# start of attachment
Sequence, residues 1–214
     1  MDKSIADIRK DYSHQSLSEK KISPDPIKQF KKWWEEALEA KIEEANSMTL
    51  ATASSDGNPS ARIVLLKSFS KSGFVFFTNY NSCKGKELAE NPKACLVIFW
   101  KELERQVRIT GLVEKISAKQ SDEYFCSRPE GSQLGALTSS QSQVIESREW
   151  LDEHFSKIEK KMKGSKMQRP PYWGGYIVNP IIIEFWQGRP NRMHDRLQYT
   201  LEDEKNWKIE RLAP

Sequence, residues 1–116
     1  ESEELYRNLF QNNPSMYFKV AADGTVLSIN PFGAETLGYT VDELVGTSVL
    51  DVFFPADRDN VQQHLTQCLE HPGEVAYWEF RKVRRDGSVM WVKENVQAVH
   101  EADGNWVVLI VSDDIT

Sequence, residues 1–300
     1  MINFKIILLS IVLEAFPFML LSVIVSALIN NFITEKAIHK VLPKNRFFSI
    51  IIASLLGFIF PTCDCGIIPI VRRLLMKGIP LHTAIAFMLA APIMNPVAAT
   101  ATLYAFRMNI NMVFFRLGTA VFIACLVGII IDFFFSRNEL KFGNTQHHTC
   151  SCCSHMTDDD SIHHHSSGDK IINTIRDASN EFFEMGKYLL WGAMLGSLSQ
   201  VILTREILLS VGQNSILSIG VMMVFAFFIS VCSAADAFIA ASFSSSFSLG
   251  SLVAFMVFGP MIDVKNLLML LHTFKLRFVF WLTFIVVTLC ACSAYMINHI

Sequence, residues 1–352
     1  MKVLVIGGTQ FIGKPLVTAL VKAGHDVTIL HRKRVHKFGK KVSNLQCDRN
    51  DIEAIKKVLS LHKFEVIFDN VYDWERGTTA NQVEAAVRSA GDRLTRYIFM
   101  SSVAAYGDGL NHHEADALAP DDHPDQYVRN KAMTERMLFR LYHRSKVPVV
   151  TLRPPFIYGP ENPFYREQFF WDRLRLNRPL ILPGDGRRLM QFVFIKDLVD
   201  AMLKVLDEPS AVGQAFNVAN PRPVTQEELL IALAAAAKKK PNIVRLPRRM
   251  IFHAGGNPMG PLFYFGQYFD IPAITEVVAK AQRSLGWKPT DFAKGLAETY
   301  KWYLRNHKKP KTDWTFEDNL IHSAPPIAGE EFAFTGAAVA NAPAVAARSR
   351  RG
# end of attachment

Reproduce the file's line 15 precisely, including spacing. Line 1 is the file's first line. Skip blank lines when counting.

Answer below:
   151  SCCSHMTDDD SIHHHSSGDK IINTIRDASN EFFEMGKYLL WGAMLGSLSQ